Which player(s) hold(s) the record for the most century breaks in a single tournament?

All, or almost all, professional snooker players on the World Snooker Tour are capable of making a century break, so it stands to reason the more frames they play the more opportunities they have to do so. Thus, it should come as no surprise that the record for the most century breaks was set, and subsequently equalled, in the World Snooker Championship at the Crucible Theatre, Sheffield.

Since 1997, the flagship event has consisted of best-of-19-frame first-round matches, best-of-25-frame second-round and quarter-final matches, best-of-33-frame semi-final matches and a best-of-35-frame final, played over two days and four sessions. Hence, any player looking to lift the unmistakable World Championship trophy faces the prospect of playing a possible 137 frames over a 17-day period.

As far as centuries breaks are concerned, seven-time World Champion Stephen Hendry compiled 16 including five in a 17-13 semi-final victory over defending champion Ronnie O’Sullivan – on his way to his ninth, and last, appearance in a World Championship final in 2002. He eventually lost 18-17 to Peter Ebdon, despite making back-to-back centuries in frames five and six and, again, in frames 17 and 18.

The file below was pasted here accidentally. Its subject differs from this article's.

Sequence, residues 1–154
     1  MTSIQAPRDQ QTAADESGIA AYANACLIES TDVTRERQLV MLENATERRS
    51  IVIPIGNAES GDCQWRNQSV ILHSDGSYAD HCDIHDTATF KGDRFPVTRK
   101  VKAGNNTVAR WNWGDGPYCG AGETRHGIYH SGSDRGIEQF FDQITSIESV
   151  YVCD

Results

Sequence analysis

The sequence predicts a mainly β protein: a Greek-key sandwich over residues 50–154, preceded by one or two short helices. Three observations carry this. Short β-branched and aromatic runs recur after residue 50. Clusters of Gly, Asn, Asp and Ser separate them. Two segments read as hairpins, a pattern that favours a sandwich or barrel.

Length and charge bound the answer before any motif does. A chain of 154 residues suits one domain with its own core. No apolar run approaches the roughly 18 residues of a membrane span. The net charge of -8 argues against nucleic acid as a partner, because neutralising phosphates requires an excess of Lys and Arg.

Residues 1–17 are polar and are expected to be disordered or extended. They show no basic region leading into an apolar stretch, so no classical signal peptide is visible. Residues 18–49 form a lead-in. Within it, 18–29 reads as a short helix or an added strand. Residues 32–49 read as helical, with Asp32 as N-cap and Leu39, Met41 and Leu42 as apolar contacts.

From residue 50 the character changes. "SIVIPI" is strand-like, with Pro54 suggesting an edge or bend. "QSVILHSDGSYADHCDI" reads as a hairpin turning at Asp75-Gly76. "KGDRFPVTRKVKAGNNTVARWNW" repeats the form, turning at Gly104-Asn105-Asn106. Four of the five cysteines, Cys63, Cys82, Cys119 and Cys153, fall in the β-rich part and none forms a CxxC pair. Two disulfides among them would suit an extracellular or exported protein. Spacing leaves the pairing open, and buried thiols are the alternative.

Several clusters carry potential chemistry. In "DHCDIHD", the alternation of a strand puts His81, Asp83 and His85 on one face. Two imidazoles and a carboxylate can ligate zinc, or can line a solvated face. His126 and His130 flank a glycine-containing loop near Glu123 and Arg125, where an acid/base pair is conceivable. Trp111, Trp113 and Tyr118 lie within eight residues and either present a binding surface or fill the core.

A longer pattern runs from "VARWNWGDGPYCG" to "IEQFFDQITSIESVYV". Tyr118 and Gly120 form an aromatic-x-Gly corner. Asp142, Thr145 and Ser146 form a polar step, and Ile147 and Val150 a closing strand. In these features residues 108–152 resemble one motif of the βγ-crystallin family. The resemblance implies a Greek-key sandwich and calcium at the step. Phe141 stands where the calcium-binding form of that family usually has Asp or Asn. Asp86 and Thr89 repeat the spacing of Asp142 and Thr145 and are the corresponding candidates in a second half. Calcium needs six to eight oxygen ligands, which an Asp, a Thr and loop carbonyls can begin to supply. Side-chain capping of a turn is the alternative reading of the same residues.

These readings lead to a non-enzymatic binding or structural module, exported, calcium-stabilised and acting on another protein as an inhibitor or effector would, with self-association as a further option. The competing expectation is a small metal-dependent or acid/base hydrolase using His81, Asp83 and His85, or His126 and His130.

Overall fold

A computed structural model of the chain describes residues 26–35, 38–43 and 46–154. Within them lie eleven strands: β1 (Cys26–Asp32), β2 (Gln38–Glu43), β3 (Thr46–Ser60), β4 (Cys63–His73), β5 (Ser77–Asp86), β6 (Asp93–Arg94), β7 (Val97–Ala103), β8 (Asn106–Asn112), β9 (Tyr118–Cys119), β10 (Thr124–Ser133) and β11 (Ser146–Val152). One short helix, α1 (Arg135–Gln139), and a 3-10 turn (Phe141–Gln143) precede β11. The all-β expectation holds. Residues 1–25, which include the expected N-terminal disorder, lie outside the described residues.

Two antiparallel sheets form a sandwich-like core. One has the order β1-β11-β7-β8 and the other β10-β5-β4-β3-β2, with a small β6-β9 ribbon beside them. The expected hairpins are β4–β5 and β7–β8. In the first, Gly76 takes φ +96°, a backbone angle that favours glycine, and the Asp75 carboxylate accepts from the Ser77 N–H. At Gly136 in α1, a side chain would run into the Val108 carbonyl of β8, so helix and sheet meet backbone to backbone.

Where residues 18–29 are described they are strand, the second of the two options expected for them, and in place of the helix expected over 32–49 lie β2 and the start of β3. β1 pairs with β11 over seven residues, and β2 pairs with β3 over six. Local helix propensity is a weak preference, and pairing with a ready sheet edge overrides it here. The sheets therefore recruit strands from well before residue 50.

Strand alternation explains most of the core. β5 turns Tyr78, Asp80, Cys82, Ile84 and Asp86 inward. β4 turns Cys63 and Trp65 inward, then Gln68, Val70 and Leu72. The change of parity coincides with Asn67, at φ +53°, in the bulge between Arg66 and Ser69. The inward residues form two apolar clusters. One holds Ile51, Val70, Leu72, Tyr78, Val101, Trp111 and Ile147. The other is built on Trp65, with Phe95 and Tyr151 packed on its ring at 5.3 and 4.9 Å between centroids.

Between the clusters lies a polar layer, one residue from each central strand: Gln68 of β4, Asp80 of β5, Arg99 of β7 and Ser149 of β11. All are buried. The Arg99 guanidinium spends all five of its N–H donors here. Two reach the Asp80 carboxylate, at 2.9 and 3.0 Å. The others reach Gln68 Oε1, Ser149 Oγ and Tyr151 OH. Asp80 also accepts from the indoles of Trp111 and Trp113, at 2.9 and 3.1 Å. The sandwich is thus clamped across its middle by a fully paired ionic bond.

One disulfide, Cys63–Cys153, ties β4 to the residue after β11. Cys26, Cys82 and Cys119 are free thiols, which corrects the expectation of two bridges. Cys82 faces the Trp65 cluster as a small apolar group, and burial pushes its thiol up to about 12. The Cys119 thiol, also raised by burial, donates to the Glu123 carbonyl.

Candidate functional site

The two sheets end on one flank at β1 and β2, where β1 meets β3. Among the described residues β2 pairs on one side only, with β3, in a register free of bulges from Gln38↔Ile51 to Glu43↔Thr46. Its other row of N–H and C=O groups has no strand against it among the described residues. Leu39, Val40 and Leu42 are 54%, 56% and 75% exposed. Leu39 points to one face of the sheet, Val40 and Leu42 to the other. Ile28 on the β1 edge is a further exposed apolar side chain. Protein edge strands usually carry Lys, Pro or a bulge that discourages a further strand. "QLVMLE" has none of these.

Hendry held the record for the most century breaks in a single tournament, outright, for 20 years but, in 2022, three-time World Champion Mark Williams equalled his mark, despite only reaching the semi-final stages. In his own words, Williams ‘started off like a train’, compiling four centuries, including three in the first five frames, in his first-round match against fellow Welshman Michael White, which he won 10-3. He continued in similar vein in the second round, compiling six centuries in a 13-3 victory over another compatriot, his practice partner Jackson Page. He made just two centuries in his quarter-final against Yan Bingtao, which he won 13-11, but four more in a 17-16 semi-final defeat by Judd Trump was enough to equal the record.

Post Navigation